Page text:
Tuesday, September 22, 2015

default judgment - opening - petition filed within 10 days


Easton Condominium Assn v. Nash – Cmwlth. Court – September 18, 2015

 


 

The trial court erred in denying defendant’s petition to open the default judgment, which was filed within 10 days of entry of the judgment and alleged a meritorious defense.   Defendant was not required to assert any reasonable excuse for the inactivity or delay under Pa. R.C.P. No. 237.3(b), because her petition was filed within 10 days of the entry of judgment and the trial court found that she alleged a meritorious defense.

 

Pa. R.C.P. No. 237.3(b) states, in relevant part, that “[i]f the petition is filed within ten days after the entry of the judgment on the docket, the court shall open the judgment if the proposed complaint or answer states a meritorious … defense.”  Boatin v. Miller, 955 A.2d 424 (Pa. Super. 2008).

 

UC - voluntary quit - demotion


RIO Supply Inc. v. UCBR – Cmwlth. Court – September 18, 2015

 


 

Following Allegheny Vally School v. UCBR, 697 A.2d 243 (Pa. 1997) and Diversified Care Management v. UCBR, 885 A.2d 130 (Pa. Cmwlth. 2005) , the Court held that

 

- an unjustified demotion is a necessitous and compelling reason to quit a job

- hearsay evidence alone is not competent evidence to justify a demotion

- “substantial change” analysis does not apply to a demotion case

- requiring the employer to present evidence that the demotion was justified does not improperly shift the burden of proof

 

Generally, necessitous and compelling cause exists when there is real and substantial pressure to terminate one’s employment that would compel a reasonable person to do so under similar circumstances, Wert, and a claimant must show that he acted with ordinary common sense in quitting, made a reasonable effort to preserve his employment, and had no real choice but to leave his employment. Cowls v. UCBR, 427 A.2d 722, 723 (Pa. Cmwlth. 1981).  However, the Supreme Court made clear in Allegheny Valley School that a determination of necessitous and compelling cause in the case of a voluntary termination after a demotion does not consider the general factors set forth above but focuses solely on the justification for the demotion.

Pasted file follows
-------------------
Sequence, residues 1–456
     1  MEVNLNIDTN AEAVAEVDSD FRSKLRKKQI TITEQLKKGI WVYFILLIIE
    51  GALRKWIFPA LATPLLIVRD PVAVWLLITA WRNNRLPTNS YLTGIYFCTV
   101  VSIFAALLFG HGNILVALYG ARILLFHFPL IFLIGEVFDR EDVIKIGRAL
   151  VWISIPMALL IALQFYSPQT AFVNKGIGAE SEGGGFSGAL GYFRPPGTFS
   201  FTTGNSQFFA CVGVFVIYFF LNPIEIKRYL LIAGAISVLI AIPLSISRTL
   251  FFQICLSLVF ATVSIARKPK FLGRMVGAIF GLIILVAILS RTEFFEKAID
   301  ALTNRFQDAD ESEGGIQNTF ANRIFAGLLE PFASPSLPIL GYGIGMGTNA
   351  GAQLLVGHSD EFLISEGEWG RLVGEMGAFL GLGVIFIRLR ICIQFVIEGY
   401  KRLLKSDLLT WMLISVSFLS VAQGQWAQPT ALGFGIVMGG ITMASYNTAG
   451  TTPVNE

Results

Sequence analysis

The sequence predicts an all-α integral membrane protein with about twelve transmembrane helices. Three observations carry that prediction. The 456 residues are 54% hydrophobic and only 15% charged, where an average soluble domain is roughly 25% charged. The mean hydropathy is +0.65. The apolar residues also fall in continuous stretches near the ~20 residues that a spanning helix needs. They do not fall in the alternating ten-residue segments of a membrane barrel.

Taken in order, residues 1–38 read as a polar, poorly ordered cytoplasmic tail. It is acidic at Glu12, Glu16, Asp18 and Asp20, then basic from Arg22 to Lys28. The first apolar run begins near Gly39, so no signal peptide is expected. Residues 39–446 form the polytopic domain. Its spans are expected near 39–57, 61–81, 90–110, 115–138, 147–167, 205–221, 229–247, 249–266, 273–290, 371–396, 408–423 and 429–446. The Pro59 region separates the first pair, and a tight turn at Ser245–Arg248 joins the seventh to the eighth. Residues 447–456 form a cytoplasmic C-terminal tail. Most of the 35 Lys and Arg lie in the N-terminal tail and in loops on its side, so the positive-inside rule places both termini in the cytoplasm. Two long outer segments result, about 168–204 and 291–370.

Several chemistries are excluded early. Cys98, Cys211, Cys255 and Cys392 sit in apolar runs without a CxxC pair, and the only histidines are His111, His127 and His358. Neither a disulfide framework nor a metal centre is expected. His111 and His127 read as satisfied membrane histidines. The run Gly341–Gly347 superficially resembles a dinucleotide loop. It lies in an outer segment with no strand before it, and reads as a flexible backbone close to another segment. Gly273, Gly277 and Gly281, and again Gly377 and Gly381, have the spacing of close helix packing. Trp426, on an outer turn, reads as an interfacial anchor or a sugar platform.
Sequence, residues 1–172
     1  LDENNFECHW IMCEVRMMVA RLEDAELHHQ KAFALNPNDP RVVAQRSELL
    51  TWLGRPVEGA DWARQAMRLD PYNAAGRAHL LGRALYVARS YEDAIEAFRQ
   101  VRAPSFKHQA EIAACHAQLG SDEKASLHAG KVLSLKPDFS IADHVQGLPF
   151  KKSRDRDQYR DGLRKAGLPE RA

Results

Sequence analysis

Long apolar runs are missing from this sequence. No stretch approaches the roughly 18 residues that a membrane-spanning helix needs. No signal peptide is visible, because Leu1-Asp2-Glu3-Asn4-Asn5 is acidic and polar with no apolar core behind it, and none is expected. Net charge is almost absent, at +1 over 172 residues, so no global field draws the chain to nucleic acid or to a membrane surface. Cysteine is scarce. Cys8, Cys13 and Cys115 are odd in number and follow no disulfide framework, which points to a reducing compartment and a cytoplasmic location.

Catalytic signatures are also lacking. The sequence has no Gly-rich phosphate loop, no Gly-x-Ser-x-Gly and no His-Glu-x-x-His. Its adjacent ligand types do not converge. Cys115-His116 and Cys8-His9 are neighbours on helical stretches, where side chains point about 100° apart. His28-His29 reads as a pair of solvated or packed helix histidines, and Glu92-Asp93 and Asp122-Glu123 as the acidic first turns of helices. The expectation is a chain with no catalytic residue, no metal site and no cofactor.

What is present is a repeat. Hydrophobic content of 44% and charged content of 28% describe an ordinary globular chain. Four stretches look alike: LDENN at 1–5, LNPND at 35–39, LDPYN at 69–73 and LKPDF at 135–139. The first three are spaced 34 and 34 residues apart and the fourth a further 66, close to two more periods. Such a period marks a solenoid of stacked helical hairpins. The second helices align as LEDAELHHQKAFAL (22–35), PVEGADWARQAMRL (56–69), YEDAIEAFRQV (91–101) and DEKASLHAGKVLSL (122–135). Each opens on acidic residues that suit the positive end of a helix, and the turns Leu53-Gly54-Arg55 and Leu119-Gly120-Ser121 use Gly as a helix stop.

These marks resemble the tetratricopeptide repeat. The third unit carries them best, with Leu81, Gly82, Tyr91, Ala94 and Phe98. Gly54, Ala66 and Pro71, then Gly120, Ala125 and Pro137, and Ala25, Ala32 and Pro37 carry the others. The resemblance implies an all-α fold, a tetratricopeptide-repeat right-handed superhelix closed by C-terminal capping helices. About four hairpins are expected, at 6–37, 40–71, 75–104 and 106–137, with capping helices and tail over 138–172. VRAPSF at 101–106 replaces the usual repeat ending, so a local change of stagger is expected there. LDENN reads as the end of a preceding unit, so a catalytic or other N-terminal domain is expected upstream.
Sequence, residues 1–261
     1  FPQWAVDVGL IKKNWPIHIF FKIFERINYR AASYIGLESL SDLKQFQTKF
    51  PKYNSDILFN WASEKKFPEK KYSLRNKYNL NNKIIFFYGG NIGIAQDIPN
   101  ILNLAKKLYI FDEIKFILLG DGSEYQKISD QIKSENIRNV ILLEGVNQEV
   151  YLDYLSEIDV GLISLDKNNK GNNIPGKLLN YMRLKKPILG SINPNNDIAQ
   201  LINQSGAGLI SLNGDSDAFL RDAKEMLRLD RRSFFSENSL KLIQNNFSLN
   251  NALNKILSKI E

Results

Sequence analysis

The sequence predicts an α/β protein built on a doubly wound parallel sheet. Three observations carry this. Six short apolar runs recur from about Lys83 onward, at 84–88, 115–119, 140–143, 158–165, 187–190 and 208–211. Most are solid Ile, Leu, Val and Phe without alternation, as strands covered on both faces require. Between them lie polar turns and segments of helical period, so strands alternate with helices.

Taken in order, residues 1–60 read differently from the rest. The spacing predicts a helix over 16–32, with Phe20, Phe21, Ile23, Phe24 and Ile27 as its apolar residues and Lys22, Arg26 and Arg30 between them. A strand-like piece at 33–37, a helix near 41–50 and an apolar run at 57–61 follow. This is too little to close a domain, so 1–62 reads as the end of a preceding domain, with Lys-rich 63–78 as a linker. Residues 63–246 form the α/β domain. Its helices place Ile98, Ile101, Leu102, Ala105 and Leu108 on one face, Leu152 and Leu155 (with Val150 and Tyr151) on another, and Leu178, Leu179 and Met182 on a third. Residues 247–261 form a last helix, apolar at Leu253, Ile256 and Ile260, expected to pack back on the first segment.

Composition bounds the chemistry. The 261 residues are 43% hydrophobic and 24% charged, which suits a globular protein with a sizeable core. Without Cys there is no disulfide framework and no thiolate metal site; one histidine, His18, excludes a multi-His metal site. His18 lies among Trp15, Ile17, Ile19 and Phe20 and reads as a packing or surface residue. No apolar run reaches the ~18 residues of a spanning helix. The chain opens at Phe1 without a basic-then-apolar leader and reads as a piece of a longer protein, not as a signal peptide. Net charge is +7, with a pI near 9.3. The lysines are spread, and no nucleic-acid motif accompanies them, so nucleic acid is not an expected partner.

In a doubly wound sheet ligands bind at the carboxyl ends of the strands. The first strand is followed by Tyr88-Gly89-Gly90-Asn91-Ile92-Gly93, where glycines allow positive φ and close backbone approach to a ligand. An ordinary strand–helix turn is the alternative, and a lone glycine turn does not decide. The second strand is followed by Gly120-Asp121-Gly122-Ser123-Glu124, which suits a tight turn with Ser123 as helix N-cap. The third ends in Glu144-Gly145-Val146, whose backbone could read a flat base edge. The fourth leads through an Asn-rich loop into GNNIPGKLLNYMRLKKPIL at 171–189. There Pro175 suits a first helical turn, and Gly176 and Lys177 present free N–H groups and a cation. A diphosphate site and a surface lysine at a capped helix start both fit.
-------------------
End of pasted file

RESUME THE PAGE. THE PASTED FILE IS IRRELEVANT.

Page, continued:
In light of this precedent, it is clear that a demotion premised on an employee’s inability to perform his job responsibilities is justified and does not constitute a necessitous and compelling reason to quit.  Conversely, a claimant will have necessitous and compelling reasons to voluntarily terminate employment if the demotion was unjustified.

 

A claimant bears the burden to demonstrate that his voluntary termination of employment was based upon a necessitous and compelling reason. Wise v. UCBR, 111 A.3d 1256, 1264 (Pa. Cmwlth. 2015). The Board specifically referenced this burden in its opinion. However, as the Board also noted, a claimant meets this burden in demotion cases by establishing that the demotion was not justified. Allegheny Valley School.

 

In the present case, Claimant testified that there was no reason, including any disciplinary reason, for his demotion. Employer sought to rebut Claimant’s testimony by offering testimony that Claimant’s demotion was premised on a conversation with a driver who was resigning.  This was the only evidence submitted by Employer relating to Claimant’s demotion.   The failed to present this driver as a witness or otherwise attempt to corroborate this statement by a third party. As a result, the Board characterized this testimony as hearsay.

 

The law is well settled that hearsay evidence, admitted without objection, will be given its natural probative effect and may support a finding of the Board, if it is corroborated by any competent evidence in the record. Stugart v. Unemployment Compensation Board of Review, 85 A.3d 606, 608 (Pa. Cmwlth. 2014) (citing Walker v. Unemployment Compensation Board of Review, 367 A.2d 366, 370 (Pa. Cmwlth. 1976)). However, a finding of fact based solely upon hearsay will not stand. Borough of Grove City v. Unemployment Compensation Board of Review, 928 A.2d 371, 374 (Pa. Cmwlth. 2007).

 

 

 

 

 

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